Dessert Sampler and the Reinvention of Higher Education

I have a hard time imagining kids sitting in a lecture hall listening to information that went out of date yesterday or even having the concentration to do so given the amount of stuff competing for their attention. And will kids even care about history when what’s at stake in the present has become the predominant focus?

Naturally the education model will need to change.  Maybe we will return to a system of apprenticeship.  This is a long way off, but it’s not unforeseeable.

Play Nostradamus: what do you predict will happen in the future thanks to social media?

are we all internet inmates? (part 2)

Yesterday, I wrote about Freedom, the software that disables your Internet connection for up to eight hours at a time, thus giving you the “freedom” to get work done.

If the devil lives anywhere, it must be in the idea that freedom can be bought.  Nobody argues this better than Viktor Frankl, the Austrian neurologist and Holocaust survivor.  His book Man’s Search for Meaning will change the way you think about freedom, and it’s also short enough to squeeze in between doses of the Internet.


So what happens once you download and run Freedom?  How long will it take you to find another distraction to take its place?  Will you have to lock your phone away, seal off the refrigerator, throw your to-do list out the window?

My point is that if you’re looking for an excuse not to do something, you’re going to find it; and a little piece of software isn’t going to do the trick.


Did you feel compelled to check your email the last time you were willfully and completely engaged in something?   We’re primed to get the most enjoyment out of something only when we are fully experiencing it with all our senses.  That’s why eating, sex, and sports give us so much pleasure.   I was pondering this during a most blissful breakfast of Hallumi eggs at Cafe Mogador (number two on my top eats list for The Times in London).  When I go out to eat, that’s all I do.  No reading.  No phone.  No rush.  It’s sheer ecstasy.

But if you’re not really feeling it for the thing you’re doing, then you’ll look for a way out.  Which makes me wonder about the idea of needing Freedom to get something done.  When we find it so hard to be productive because of Internet distraction, well, maybe we need to question the thing we’re avoiding.  If we’re looking for an excuse, then we haven’t found real purpose in what we’re supposed to be doing, which brings us back to Frankl.


Frankl found that his captors could take everything away from him except the ultimate freedom – the ability to choose how he would respond to his circumstances.  Those in the camps who fervently resisted their captors and lost a sense of purpose would lose it all.  But those who banded together and focused on some bright spot (whether a spouse they yearned to see again, a project they still wanted to complete, or even the beauty of sunshine breaking through the trees) would thrive and even experience joy in their horrid conditions.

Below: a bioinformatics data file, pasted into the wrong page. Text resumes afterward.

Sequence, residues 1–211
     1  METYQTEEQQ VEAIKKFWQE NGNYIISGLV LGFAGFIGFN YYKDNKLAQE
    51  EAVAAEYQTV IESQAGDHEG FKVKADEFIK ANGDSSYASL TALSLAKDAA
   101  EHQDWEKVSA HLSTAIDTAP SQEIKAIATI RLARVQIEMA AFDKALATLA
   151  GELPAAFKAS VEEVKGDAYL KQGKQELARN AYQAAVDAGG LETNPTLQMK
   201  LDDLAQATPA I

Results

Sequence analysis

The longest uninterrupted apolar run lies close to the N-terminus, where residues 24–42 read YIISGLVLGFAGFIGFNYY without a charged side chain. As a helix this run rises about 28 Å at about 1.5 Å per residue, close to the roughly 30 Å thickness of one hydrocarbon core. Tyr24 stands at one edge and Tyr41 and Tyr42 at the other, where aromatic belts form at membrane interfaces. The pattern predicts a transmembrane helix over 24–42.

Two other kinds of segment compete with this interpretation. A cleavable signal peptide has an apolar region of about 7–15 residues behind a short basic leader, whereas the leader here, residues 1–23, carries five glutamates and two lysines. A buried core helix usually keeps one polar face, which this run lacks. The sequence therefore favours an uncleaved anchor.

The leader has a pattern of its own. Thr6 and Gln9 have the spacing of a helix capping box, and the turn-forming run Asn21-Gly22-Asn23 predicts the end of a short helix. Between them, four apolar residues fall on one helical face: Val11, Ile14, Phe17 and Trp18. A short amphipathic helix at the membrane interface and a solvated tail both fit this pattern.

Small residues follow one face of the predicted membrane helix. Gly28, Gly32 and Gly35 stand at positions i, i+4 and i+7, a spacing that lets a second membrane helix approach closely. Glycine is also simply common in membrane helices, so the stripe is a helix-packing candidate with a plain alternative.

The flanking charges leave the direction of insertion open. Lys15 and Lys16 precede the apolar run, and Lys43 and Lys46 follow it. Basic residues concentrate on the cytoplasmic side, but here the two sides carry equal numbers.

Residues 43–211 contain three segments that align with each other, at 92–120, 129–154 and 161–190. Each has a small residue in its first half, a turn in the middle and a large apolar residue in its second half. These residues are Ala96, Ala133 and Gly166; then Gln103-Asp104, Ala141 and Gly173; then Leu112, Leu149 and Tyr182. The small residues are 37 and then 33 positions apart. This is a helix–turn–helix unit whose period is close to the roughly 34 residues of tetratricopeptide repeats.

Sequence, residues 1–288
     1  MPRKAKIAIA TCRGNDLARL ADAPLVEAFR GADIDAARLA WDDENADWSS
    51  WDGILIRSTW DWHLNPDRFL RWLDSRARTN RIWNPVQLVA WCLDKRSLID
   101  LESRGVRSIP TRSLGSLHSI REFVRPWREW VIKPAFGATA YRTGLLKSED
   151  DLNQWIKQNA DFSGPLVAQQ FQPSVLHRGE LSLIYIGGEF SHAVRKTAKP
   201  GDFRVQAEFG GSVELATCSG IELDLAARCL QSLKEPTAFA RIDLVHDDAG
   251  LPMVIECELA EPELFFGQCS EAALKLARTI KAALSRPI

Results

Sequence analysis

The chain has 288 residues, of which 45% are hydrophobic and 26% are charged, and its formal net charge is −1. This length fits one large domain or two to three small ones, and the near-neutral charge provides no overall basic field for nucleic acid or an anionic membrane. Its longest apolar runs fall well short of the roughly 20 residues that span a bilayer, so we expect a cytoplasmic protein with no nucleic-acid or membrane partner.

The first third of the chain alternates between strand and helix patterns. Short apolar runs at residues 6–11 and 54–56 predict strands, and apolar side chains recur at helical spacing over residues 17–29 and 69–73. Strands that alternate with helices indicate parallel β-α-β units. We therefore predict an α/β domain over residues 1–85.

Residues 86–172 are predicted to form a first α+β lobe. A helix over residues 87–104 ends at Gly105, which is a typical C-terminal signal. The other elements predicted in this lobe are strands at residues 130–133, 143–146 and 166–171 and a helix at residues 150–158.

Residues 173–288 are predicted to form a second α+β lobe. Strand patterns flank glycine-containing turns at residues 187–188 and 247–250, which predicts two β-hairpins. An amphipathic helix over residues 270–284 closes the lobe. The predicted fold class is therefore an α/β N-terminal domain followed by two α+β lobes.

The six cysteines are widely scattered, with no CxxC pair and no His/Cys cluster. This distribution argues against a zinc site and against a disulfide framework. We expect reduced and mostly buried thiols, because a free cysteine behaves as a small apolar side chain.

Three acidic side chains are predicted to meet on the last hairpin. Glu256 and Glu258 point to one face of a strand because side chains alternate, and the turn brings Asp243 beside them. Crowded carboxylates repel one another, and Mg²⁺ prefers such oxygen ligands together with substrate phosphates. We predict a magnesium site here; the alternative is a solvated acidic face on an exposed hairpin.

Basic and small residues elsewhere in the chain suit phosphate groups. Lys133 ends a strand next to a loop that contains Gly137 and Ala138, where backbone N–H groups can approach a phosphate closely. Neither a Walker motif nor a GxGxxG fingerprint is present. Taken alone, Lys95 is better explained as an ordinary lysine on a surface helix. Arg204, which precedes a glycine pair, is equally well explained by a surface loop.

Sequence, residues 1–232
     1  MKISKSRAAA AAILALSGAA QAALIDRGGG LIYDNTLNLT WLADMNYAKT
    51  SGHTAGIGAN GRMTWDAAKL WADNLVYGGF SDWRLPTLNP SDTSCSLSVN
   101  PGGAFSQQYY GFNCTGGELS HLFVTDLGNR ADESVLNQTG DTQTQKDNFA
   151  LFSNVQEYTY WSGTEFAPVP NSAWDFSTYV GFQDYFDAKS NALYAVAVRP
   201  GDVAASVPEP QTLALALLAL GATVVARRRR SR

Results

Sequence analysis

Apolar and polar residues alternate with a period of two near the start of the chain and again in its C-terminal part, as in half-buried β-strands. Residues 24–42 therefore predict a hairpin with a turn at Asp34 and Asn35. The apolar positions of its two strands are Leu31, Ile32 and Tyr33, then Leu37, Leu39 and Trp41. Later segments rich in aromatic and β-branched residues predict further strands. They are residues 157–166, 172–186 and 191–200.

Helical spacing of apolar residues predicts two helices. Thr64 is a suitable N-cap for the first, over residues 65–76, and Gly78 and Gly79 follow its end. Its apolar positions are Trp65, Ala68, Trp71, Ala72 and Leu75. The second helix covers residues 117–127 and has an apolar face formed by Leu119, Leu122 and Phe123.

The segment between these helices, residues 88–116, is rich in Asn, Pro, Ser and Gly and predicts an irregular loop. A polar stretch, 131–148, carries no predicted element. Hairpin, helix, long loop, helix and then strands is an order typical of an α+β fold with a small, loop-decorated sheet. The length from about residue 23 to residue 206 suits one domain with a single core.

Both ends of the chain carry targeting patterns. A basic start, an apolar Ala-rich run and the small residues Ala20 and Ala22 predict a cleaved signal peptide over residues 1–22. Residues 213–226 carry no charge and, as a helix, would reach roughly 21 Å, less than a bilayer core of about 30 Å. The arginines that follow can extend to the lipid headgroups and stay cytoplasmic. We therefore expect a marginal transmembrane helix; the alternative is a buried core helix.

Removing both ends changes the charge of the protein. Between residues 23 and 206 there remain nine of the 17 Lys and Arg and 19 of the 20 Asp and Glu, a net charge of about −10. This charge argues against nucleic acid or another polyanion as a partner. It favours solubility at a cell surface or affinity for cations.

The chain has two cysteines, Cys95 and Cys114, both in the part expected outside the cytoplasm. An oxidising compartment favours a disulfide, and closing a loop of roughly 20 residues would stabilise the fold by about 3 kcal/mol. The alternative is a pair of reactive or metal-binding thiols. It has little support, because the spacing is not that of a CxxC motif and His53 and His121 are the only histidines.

It’s a Buddhist concept:  resistance is the surest path to misery; acceptance leads to happiness.  And changing the way you look at things is the true key to freedom.  It’s also free.

are we all internet inmates? (part 1)

Last week, famed British writer Zadie Smith made an appearance at NYU, my alma mater.  She was there to talk about her recent appointment as the New Books columnist at Harper’s Magazine, and yet the most riveting part of the hour-long conversation came about when Smith confessed her Internet addiction.  “Do I have an email?  Do I have an email?  Do I have an email?” she said in rapid fire, referring to her compulsion for checking messages and her need to lock her iPhone in another room.

More fascinating was the revelation that Smith uses Freedom, a program that disables your Internet connection so you can actually get some work done.  I scribbled it down and Googled it as soon as I got home.


One look at Freedom’s website, and you’ll see tons of testimonials from authors who swear they’d never get a book written if it weren’t for Freedom.  You’ll also learn Freedom costs $10 to download and is pretty simple:  you tell the program how many hours of “freedom” you want, and the clock starts ticking.

How come I’d never heard of this?  Apparently, I’m not the only one.  Nobody I’ve mentioned Freedom to knew about it, either.  But everyone can relate – we’re all Internet addicts.